Adding manufactured substances to our skin is pretty unnatural, when you think about it. Even the most “natural” skincare products have their ingredients extracted, chemically formulated, and processed in some sort of industrial facility. It’s become popular to call some commercial skincare products “clean” or “natural” in contrast to others, but the terms actually don’t actually mean much.
There is no official definition of “natural”
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“Natural” is one of those words that regulatory bodies have chosen not to precisely define. By contrast, there’s an exceedingly detailed definition of “organic”—you can’t just call your product organic without being able to prove that its ingredients were farmed and produced according to the USDA organic standards.
Under U.S. law, the FDA regulates cosmetics and their labeling. They have strict rules for when you can call a product “economy size,” and which body washes can legally be called “soap.” But they have not created a definition for “natural.” (The Federal Trade Commission has, however, cracked down on a few companies for claiming that products are “all natural” when they clearly contain synthetic components.) A Natural Cosmetics Act was proposed in 2021 to define the term “natural” for cosmetics, but never passed.
These one-ingredient skincare products are about as natural as you can get:
“Natural” is term used for marketing, not safety
Companies call their products “natural” because those products can look more attractive to consumers. There are a variety of “standards” for what counts as natural, but these don’t agree with each other. For example, COSMOS requires that 95% of a skincare or cosmetic product’s plant-based ingredients be certified organic, as defined by the USDA. On the other hand, Allure magazine has its own “clean beauty” seal that they award to products that avoid 15 classes of ingredients.
Skincare products often market their products as being “clean” or otherwise good because they avoid certain ingredients, but there’s often no logical argument for avoiding these ingredients, and certainly not as a group. There isn’t even a good colloquial definition of what we mean when we use the word “natural.” As Chemists Corner points out, crude oil is a product of nature, and thus petroleum products are arguably natural—but almost nobody thinks of them that way.
Reasons for calling a product “natural” or “clean” don’t always make sense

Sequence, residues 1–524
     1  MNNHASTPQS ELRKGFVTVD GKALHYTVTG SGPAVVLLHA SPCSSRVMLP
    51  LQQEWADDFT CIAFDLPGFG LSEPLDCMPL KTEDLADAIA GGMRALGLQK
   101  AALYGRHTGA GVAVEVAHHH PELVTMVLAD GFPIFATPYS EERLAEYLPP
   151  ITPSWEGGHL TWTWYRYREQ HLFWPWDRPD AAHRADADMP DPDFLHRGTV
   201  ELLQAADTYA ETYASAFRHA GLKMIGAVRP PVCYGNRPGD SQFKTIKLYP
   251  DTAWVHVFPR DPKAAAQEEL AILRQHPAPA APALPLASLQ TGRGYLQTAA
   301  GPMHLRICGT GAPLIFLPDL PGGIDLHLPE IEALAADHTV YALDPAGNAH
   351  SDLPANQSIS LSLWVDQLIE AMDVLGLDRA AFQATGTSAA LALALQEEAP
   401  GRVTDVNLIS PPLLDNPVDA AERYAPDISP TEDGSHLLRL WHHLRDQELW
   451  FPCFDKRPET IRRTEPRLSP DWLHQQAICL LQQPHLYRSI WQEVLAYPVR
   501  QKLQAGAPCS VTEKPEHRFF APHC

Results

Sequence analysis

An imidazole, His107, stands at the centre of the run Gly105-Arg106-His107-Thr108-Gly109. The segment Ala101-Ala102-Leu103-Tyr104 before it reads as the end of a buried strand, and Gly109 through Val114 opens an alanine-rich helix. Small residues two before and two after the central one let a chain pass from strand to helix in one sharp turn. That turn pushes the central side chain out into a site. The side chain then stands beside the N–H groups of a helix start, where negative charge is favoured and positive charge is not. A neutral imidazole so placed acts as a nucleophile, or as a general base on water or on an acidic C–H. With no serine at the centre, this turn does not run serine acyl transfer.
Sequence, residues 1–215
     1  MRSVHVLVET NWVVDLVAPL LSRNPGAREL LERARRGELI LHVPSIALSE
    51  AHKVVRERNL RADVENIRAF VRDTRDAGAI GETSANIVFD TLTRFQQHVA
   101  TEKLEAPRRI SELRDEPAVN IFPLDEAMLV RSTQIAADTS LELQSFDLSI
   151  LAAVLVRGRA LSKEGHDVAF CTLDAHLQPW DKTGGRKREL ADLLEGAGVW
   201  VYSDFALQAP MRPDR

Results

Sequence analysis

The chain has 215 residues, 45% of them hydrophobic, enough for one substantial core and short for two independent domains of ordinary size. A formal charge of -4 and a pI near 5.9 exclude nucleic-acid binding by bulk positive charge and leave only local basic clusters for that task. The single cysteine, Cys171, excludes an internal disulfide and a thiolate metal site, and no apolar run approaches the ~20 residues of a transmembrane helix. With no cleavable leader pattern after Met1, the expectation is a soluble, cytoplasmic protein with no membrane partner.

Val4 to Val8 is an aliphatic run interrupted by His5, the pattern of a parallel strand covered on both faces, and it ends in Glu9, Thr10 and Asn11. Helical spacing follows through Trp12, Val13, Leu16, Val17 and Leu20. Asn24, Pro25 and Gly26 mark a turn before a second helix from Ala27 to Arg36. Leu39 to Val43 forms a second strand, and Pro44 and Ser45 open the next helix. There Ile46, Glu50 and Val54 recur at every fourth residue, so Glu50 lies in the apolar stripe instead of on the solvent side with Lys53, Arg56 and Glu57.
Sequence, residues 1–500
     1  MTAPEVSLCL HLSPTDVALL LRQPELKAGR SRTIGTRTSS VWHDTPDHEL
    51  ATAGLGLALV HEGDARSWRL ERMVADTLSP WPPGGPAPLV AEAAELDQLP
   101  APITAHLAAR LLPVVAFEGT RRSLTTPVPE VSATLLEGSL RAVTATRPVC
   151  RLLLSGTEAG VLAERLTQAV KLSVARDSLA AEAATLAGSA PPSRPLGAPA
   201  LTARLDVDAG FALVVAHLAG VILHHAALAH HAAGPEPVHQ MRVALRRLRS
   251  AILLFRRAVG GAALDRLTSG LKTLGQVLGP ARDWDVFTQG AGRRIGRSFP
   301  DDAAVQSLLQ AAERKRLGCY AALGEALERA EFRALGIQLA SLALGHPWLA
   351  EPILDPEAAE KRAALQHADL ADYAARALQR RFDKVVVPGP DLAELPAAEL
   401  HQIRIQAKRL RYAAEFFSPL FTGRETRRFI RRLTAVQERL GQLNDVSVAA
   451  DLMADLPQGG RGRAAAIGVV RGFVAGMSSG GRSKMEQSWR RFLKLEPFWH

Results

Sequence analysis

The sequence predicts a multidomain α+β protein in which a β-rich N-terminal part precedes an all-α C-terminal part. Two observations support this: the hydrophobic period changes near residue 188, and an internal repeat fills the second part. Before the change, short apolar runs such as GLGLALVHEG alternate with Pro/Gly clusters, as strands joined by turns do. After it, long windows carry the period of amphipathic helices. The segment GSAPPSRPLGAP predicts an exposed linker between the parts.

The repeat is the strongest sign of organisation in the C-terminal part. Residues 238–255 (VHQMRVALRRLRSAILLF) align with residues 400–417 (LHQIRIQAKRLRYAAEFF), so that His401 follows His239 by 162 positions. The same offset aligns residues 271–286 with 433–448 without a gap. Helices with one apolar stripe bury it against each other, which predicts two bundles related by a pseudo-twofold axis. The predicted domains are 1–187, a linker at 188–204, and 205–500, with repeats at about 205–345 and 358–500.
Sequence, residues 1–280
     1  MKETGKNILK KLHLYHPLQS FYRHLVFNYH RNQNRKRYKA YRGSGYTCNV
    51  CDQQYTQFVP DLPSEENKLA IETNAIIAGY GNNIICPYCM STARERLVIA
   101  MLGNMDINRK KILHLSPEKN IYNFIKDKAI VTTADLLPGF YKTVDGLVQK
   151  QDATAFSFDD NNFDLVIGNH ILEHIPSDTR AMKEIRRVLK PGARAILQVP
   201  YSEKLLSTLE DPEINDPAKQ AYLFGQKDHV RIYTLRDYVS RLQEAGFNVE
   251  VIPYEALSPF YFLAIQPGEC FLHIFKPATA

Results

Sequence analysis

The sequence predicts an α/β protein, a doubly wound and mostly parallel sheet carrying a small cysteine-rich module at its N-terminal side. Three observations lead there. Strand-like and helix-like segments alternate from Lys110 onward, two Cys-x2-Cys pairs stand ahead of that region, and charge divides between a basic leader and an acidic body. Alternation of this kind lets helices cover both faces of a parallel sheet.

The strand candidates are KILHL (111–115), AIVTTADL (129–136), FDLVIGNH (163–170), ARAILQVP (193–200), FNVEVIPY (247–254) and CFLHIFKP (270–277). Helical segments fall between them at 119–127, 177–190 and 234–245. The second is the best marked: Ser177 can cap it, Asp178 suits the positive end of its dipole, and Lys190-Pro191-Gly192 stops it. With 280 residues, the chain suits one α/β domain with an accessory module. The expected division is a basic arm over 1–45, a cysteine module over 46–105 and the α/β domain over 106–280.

Companies, influencers, and publications will talk about clean or natural skincare products in terms of what they don’t contain, but these ingredients don’t have much in common. They aren’t necessarily bad for you, and they aren’t necessarily more unnatural than ingredients that don’t make such lists.
For example, products are often marketed as “paraben-free,” and parabens are among Allure’s disqualifying ingredients. But the FDA points out that there is no evidence (yet) that parabens have any effect on human health, and that if you want to avoid them out of caution, that introduces the concern that whatever you replace the parabens with might have health effects itself. It’s fine to avoid an ingredient for any reason you like—I’m no paraben apologist—but it’s worth remembering that plenty of natural items can be bad for us as well. Knocking a synthetic item off an ingredients list doesn’t necessarily make a product safer or healthier.
To take another ironic example: Allure’s list of ingredients that disqualify a product from the “clean beauty” seal includes ingredients that they admit do not pose any serious health considerations, like sodium lauryl/laureth sulfate. They correctly point out that the American Cancer Society has debunked the myth that SLS causes cancer, and that the worst it can do is irritate some people’s skin (as can many cosmetic ingredients). But it’s on the list anyway.
Sunscreen is another example: Even though you’ll sometimes hear the argument that mineral-based sunscreens are more “natural,” both mineral and chemical sunscreens must be manufactured to careful specifications before they can act effectively on skin. Both chemical and mineral sunscreens are overwhelmingly considered to be safe and both have minor potential safety concerns. One is not categorically better or more natural than the other.
Ultimately, “clean” and “natural” skincare products are more marketing than science, and cutting through the jargon can save you a lot of time, stress, and money.